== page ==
Obviously this has been heavy on my mind and heart lately.  This Advent season has been so the most painful so far.  I'm not sure why but I tend to think it's because I turned 34 this year, and know my time is quickly running out or that every passing month is a step closer for me to realize this is not going to happen and to give up.  Infertility is hard enough January through November, but Christmas is simply heart breaking.  Our house is decorated, there are presents bought and wrapped and none of it means anything to me.  I would give up every Christmas present, every sugar cookie, every special Christmas only nibble to hold my child in my arms. 


  1. Hmm...I hope other Catholics will chime in on this, but my understanding of the Catholic objection to ART is not that by invoking science we're countermanding God's will. It's a little more specific than that. The idea (comes from the pastoral letter Humanae Vitae) is that children have a natural right to be conceived as a result of the loving act of union between husband and wife. (Obviously, many children have this right violated every day - because their parents are not married, because they are conceived in rape, etc. Unfortunately, experience bears out that that's not good for the child.) There are lots of therapies that use scientific intervention simply to provide a more, ah, fertile environment for the spouses' loving union to produce a baby - whether that's taking proxeed to improve sperm quality or clomid to induce ovulation or whatever else. The difference is when the act of conception itself is performed in a lab by scientists, rather than the parents.

    I certainly understand that the experience of infertile couples is that the reality is a lot more gritty. (I.e., how "loving" is the union when it's all about timing for ttc?) So I think - and most Catholic IFers refuse to take this subject up with me :) - that there are a lot of things we could do that are not properly ordered, short of ART. At the point at which we've thrown out any idea of a "loving marital union" in favor of sex on demand and life as a medical guinea pig, I think there's a problem. The Church doesn't really address this, because while the big principles can be understood by anybody (with a little pondering), to understand the nitty-gritty, you'd actually have to be there. And those nitty-gritty decisions will be a little different for each couple anyway. But I think spiritual directors should be asking infertile couples, "Are you willing to torture your spouse and let the rest of your life and your personality atrophy to become a mother? If so, you need to STOP." A single-minded pursuit of any of God's gifts to the exclusion of others and to the point of eclipsing God Himself is the definition of disordered - it puts the priorities in the wrong order.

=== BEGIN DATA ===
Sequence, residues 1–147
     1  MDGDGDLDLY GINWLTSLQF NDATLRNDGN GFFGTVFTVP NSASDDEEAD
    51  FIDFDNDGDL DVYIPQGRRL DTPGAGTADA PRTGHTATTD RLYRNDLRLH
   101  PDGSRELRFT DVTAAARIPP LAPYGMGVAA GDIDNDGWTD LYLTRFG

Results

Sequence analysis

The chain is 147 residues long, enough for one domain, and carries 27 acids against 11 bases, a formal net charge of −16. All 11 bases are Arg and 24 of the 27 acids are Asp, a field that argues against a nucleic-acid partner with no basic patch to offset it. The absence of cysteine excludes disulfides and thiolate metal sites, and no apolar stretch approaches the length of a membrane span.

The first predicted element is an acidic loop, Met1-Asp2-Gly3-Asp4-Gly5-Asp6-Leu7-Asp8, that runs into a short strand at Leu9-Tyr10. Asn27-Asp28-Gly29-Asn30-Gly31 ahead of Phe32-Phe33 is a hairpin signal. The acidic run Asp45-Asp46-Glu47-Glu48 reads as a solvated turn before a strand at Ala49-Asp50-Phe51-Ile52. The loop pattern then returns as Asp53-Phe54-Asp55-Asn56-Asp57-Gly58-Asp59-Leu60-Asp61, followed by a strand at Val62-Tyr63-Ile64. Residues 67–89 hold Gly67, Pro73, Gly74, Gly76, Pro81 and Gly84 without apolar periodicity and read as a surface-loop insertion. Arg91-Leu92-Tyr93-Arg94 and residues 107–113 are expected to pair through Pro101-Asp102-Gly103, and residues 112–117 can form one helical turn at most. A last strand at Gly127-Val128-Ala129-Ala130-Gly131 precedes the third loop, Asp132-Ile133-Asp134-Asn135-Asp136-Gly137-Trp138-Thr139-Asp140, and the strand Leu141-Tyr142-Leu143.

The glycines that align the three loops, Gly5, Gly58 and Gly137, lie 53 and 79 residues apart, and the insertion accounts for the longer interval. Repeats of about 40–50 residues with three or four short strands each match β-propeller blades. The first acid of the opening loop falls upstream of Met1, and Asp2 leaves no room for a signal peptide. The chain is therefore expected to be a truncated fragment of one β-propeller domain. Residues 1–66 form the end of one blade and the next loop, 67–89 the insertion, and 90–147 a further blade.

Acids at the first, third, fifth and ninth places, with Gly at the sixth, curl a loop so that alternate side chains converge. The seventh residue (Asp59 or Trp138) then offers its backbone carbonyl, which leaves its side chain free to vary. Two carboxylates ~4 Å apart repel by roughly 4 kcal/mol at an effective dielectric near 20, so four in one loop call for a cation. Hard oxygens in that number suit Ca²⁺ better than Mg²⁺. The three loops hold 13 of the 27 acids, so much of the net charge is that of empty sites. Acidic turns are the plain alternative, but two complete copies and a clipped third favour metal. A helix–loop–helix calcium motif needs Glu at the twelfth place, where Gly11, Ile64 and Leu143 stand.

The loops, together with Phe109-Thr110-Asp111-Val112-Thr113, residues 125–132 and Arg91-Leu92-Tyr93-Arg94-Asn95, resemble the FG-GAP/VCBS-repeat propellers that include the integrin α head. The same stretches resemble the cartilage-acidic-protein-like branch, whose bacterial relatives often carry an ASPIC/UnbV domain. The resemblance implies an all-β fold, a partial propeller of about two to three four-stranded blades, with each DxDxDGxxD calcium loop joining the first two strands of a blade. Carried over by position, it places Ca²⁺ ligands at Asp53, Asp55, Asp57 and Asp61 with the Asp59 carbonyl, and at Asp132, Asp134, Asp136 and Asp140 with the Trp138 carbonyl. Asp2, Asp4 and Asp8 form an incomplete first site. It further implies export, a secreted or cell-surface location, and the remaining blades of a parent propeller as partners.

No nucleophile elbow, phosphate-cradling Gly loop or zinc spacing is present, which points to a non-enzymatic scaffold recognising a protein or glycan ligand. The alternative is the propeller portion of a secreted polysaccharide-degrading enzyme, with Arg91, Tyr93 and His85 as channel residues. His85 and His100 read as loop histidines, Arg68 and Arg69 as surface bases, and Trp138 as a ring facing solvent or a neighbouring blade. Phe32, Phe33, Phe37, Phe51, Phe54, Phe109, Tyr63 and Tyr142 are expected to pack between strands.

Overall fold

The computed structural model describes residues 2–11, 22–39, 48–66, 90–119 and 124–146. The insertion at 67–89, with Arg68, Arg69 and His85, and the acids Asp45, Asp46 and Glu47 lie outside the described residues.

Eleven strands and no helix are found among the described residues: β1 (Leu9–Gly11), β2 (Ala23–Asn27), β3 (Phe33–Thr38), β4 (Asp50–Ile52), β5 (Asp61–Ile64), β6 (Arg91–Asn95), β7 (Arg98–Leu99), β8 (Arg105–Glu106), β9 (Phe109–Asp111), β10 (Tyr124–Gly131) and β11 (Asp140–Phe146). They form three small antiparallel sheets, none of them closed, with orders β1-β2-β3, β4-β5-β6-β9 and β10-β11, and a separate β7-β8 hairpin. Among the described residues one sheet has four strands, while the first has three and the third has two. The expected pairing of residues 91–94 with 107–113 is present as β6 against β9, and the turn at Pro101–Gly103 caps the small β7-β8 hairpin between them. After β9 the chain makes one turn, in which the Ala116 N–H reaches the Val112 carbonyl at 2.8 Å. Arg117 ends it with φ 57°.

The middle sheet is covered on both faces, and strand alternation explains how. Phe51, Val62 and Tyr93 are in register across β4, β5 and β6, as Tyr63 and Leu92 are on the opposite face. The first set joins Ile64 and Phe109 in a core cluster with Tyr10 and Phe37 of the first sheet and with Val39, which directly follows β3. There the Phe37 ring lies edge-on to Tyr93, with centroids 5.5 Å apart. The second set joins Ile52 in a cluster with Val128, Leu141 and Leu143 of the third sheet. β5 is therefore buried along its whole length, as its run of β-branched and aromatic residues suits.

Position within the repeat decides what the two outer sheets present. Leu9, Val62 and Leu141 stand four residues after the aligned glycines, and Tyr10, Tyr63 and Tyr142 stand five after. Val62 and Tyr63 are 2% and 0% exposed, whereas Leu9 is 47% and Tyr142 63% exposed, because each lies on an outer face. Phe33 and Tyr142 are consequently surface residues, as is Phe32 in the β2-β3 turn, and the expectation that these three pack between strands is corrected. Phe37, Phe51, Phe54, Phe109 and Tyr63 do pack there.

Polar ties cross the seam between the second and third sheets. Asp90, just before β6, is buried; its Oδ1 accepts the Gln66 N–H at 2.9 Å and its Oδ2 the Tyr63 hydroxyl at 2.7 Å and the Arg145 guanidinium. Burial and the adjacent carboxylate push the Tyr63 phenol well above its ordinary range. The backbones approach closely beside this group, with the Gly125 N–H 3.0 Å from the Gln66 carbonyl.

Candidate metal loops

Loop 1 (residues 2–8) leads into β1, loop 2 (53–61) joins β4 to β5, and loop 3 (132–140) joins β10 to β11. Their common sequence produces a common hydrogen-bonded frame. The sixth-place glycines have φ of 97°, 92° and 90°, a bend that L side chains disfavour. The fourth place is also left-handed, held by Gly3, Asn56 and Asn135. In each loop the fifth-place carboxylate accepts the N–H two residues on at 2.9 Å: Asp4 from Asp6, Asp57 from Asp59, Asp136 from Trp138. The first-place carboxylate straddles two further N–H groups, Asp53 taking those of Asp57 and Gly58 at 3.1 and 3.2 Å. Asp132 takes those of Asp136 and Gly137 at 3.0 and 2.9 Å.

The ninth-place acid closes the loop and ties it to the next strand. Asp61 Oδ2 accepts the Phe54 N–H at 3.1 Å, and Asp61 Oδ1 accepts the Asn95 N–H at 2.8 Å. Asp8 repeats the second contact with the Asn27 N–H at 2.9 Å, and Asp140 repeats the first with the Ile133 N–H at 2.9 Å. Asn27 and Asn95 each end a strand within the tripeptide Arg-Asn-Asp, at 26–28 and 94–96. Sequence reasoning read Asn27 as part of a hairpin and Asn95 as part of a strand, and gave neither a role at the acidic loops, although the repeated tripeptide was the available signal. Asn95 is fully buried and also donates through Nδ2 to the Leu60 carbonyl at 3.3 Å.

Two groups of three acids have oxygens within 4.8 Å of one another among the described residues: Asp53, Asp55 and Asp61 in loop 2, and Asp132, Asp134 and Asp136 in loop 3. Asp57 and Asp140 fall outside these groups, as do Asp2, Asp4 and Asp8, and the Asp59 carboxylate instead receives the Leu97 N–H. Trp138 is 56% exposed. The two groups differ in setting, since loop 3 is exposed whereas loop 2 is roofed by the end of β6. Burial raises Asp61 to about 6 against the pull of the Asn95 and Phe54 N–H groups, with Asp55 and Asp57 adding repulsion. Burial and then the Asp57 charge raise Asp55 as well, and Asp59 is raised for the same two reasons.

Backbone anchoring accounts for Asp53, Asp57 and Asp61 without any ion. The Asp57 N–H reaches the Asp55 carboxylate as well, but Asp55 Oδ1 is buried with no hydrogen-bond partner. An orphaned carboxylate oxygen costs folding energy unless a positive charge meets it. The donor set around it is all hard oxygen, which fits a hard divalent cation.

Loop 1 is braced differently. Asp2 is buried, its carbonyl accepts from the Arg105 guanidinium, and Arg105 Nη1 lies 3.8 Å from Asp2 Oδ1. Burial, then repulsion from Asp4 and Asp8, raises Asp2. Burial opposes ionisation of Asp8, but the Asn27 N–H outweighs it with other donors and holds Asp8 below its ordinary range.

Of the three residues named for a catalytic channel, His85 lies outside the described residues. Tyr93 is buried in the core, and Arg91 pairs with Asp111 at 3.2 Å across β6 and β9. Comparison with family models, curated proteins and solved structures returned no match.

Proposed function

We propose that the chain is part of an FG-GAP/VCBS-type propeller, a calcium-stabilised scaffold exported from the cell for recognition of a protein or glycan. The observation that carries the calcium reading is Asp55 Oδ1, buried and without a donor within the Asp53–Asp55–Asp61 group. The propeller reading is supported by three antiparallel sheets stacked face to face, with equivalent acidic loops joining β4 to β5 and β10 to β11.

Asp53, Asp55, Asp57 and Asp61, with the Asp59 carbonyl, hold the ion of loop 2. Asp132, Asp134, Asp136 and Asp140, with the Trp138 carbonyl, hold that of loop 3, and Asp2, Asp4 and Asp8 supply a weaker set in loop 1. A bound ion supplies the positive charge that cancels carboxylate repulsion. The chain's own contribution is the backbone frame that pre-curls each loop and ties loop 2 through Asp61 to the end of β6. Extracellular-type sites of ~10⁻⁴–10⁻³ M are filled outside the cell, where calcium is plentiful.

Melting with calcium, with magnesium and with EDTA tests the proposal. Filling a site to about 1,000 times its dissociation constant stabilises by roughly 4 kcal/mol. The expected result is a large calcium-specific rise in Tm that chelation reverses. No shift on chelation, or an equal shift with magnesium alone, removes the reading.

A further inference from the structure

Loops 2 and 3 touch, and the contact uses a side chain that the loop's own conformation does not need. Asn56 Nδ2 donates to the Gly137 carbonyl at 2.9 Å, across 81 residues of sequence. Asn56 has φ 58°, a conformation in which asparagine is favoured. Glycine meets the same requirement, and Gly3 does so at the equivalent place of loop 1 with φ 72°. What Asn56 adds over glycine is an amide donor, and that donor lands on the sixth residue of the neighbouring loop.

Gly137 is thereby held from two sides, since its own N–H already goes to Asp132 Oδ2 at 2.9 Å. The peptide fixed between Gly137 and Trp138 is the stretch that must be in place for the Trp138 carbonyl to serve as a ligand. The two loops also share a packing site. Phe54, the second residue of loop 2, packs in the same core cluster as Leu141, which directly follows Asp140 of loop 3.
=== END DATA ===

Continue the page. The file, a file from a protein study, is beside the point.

Now, for those from other religious and philosophical traditions, those principles may shake out a little differently; I'm assuming here that people will follow my line of thought if they hail from the same value system. But even if not, I think infertile couples would all be well served to think in advance about what they're willing to sacrifice to have a child. There are other parts of our lives that are valuable!

    OK, I got a little off-topic and long-winded there. Sorry!!

  2. I watched an interview with Dr. Hilgers, Creighton/NFP guru, and he said the central reason why the Catholic Church rejects IVF is that it's abortive in nature. So, that's exactly what you said, IVF creates and then destroys embryos. And it's also forbidden since conception happens outside the woman's body. However, GIFT is allowed since conception theoretically occurs in the fallopian tube. But the process for the woman is exactly the same as IVF, and I think not so great for the woman in question.

    I'm sorry you're feeling so down. I've recently come to terms with our infertility and discontinued treatment. If any of the available treatments guaranteed a pregnancy, I'd spend the money. But, anything less than 100% is gambling my hard-earned cash, so it's not worth it to me. I'm not sure I've completely accepted a childless life but I've started focusing on the good things a childless life can produce and that's made me feel a lot better. Keep the faith; the Lord is watching out for you!

  3. Such a great, thought-provoking question you pose.

    I'm still praying for you!

  4. Thank you for the prayers everyone and for the insights. You are all in my prayers as well.